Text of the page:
Venezuelan university professor speaks about Chavez opposition
Venezuelan opposition to Hugo Chavez and his government will have a chance to gain political ground in the country only if it defines what it wants to change in the government and recognizes the successes of the Chavista movement, a professor from a Venezuelan university told an audience of students and faculty Thursday in the Oklahoma Memorial Union’s Frontier Room.
Steve Ellner, director of the Center for Administrative and Economic Research at the Universidad de Oriente in Venezuela, said the Chavez opposition has failed to remove Chavez from power because it has “no notion of what’s going to get scrapped and what’s going to be retained” if they were to take control of the government. He said this confusion is due to the opposition being related to the period of the 1990s before Chavez was in power.
“Even those Venezuelans who dislike Chavez very much… don’t want to go back to the [1990s],” Ellner said.
Ellner said the legitimacy of the Venezuelan government from 1958 to 1989 was based on a strong interventionist policy in the economic and social affairs of the country. Nationalized industries, especially the oil industry, were used to promote economic and regional development and lessen social inequality.
In 1989, everything changed when Carlos Andrés Pérez, the president of Venezuela at the time, privatized industries that had been state run or owned by the Venezuelan public, and transferred these large sectors of the economy to foreign markets.
“Regardless of what we think of globalization, the fact of the matter is that the legitimacy of those governments for that extended period of time was based on the idea that the Venezuelan state was promoting national development,” Ellner said.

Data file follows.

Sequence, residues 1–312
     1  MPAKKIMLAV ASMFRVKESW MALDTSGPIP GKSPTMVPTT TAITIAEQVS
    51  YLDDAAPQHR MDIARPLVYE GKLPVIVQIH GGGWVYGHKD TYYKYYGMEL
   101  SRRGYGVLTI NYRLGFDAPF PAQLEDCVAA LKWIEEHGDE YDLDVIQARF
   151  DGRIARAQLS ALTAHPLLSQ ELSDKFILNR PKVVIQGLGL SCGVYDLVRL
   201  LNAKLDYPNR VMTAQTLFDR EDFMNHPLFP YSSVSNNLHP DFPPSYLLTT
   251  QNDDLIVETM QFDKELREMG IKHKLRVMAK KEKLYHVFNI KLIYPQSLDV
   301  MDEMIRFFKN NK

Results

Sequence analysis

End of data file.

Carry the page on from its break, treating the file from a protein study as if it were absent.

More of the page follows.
When Chavez came to power in 1998, he renationalized these industries, bringing back the kind of government Venezuela had identified with for a 30-year period, Ellner said.
Chavez also established social programs as a priority in his government, giving the poor the ability to be directly involved in government affairs, something Ellner said was a positive aspect of the system, but which had negative effects as well.
“Poor people feel that they have, for the first time, been incorporated and have some say-so in the decision-making process [of the government],” Ellner said. “That’s really essential to understand Chavez’s political success.”
Ellner said it was these successes of Chavez’s government that the opposition has failed to recognize, only focusing on the negative aspects, which has promoted unity among opposing political parties.
“The opposition has done too much to promote unity among itself, among the different parties, so much so that they brush aside differences so that the opposition doesn’t recognize the differences among themselves,” Ellner said.
If the opposition accepted the division among itself and recognized the successes and complexities of Chavez’s government, Ellner said it would be seen as a more legitimate movement.
“I think that any analysis, be it on the part of intellectuals like myself, or on the part of politicians and activists, has to take into consideration the complexity of what is taking place in Venezuela,” Ellner said.
Latin-American students attending the event had their own opinions on Chavez’s government.
“All the politicians around him… just care about having power,” said Pablo Baraja, Colombian Student Association president and petroleum engineering graduate student. “He took the right of normal people and gave it to poor people.”
Erica Perdomo, international and area studies graduate student said, “I do agree with some of the policies [Chavez] has, I just don’t agree with the way he has been implementing them.”
Perdomo, who said she came to OU from Venezuela five years ago, said it can be hard to express your ideology in Venezuela.
“Our society is really polarized. You’re either pro-Chavez or anti-Chavez,” she said.
Sterling Evans, history professor, said Chavez is frequently in the news and the same kind of polarization that exists in Venezuela exists in the U.S.
Ellner has taught as an economic history professor at the Universidad de Oriente in Venezuela since 1977. He has also authored several books, most recently Rethinking Venezuelan Politics: Class, Conflict, and the Chavez Phenomenon.